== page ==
Object of the Month April 2015
Matzah Comb, Iron, Late 18th Century, Germany. 35.6.
The beginning of April brings with it one of the major Jewish spring festivals, Passover, or Pesach. The festival of Passover commemorates the Jewish exodus from Egypt. During Passover we are often reminded of the struggles endured by the Jewish slaves in Egypt and many of the foods prepared for Passover are rich in meaning and help to convey the Passover story. Possibly the most ubiquitous food of Passover is matzah, an unleavened bread, which is representative of how hurried the Jews were when they were finally freed from slavery. The bread that the Jews were baking didn’t have time to rise before they were chased out by the Egyptians, hence, mitzvah has become the quintessential Passover food staple.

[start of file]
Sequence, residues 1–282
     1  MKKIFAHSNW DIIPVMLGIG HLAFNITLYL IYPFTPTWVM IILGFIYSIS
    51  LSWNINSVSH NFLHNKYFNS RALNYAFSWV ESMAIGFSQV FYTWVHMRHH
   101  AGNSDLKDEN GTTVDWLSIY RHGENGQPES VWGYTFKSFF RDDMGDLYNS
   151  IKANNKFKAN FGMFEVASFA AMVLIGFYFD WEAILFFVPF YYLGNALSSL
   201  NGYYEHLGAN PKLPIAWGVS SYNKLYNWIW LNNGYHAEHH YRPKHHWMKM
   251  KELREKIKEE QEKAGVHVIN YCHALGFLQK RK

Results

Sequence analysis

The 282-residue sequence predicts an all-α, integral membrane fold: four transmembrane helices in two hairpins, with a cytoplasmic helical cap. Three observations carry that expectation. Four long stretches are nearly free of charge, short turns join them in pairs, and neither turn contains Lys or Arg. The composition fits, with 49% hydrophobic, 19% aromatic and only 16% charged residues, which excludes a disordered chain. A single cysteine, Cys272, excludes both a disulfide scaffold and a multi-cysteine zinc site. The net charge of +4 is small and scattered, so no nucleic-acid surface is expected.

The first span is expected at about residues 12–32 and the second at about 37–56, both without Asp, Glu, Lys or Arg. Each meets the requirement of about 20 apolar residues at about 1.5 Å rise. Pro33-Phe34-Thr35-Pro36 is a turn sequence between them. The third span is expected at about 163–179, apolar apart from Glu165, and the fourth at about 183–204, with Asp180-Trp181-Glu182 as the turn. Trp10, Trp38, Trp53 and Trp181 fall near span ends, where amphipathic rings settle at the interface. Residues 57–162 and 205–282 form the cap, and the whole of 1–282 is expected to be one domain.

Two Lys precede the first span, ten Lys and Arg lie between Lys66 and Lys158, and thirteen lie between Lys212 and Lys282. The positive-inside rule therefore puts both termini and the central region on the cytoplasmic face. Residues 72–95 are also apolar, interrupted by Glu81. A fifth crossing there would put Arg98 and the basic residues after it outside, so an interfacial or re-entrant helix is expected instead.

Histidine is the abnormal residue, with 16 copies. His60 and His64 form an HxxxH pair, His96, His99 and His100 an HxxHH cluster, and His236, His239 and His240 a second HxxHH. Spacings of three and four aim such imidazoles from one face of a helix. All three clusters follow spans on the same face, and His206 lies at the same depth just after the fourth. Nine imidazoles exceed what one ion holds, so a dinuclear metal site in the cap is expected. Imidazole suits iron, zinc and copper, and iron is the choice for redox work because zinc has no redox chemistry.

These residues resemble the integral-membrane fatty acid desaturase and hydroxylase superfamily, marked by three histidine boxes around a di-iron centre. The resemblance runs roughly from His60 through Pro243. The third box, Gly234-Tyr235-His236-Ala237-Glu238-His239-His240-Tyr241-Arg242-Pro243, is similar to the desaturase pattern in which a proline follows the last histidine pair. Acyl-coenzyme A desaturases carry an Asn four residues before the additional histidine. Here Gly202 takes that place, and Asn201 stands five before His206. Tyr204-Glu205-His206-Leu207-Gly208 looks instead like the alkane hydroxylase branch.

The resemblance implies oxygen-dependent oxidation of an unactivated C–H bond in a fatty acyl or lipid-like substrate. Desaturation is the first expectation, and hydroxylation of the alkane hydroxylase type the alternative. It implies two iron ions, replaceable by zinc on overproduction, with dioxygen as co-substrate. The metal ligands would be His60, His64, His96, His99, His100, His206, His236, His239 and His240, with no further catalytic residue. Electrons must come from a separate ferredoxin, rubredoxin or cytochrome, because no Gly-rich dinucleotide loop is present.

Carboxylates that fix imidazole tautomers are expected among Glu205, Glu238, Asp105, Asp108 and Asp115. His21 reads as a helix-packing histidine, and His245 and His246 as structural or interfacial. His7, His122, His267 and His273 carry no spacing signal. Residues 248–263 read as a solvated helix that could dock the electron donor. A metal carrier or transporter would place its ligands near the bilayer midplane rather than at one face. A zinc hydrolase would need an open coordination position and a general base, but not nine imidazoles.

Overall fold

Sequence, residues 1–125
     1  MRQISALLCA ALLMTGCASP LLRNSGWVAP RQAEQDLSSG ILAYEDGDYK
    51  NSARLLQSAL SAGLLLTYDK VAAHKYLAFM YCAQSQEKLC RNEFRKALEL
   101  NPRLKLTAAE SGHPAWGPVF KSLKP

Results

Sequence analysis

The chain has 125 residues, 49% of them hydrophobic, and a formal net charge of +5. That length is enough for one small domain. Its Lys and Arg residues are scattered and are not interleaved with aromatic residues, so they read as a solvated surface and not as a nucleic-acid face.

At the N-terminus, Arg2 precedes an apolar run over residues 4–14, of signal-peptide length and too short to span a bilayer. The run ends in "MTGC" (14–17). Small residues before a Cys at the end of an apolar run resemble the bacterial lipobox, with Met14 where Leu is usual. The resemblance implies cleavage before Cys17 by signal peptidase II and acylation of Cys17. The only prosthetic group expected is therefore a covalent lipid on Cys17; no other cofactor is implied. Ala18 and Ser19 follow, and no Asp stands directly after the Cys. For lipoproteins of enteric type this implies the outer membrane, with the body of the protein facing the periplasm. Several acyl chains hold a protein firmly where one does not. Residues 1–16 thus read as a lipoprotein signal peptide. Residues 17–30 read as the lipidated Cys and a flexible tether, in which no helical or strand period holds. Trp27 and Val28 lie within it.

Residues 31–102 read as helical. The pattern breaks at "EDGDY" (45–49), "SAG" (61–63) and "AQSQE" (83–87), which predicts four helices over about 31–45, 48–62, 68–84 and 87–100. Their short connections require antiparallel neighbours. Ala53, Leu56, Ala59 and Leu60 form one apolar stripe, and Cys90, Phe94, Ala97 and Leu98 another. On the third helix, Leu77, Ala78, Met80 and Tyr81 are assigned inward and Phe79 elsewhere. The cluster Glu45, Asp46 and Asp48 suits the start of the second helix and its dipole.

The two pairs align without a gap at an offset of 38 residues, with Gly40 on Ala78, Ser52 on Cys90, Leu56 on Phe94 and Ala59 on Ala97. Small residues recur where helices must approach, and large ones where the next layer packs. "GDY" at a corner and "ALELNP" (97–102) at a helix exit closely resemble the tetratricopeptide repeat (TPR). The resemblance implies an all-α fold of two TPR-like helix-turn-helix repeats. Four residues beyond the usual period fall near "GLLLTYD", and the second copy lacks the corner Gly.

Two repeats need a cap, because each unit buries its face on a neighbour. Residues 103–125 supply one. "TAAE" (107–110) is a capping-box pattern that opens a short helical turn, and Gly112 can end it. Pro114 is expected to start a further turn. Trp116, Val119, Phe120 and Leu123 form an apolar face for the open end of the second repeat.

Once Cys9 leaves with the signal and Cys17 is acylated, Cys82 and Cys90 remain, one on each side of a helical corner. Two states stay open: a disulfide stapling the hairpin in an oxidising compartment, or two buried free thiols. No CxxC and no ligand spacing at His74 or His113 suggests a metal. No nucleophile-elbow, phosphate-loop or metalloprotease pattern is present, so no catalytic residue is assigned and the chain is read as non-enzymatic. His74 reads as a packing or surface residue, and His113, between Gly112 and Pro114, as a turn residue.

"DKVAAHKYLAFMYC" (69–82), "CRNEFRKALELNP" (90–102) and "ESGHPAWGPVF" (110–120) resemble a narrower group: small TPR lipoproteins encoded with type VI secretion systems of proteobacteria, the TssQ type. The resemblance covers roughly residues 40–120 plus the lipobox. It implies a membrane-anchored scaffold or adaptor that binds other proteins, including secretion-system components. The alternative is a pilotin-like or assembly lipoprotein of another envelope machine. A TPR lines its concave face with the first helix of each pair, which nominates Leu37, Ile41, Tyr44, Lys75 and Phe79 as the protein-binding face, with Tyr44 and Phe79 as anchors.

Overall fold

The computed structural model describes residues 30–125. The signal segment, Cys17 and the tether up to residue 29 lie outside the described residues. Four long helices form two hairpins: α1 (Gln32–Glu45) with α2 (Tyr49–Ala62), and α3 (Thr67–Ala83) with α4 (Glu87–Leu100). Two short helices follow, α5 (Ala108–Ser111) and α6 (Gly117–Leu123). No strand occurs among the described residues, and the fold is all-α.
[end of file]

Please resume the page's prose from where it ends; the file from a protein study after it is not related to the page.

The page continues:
Most matzah has become a standard square shape, with small perforations in a gridded pattern. Through the thousands of boxes of matzah consumed every year, very few people probably think about how the holes got in their matzah. While the process is now industrialized, the historical answer lies in one of Cincinnati Skirball Museum’s most interesting, yet most overlooked objects. Most visitors to the museum see a rusted iron comb laying in our collection and think nothing of it. This object is a matzah comb. It was made in late eighteenth century Germany, and was used to create the uniform perforations in a sheet of matzah. Matzah combs were historically designed in a few different styles: a straight comb, like this one, and a spiked wheel that could be rolled across the dough. The Skirball comb was pressed down into the dough in standardized rows to create the typical matzah shape and texture. The process of scoring and shaping matzah was industrialized in the nineteenth century, making the matzah comb largely obsolete.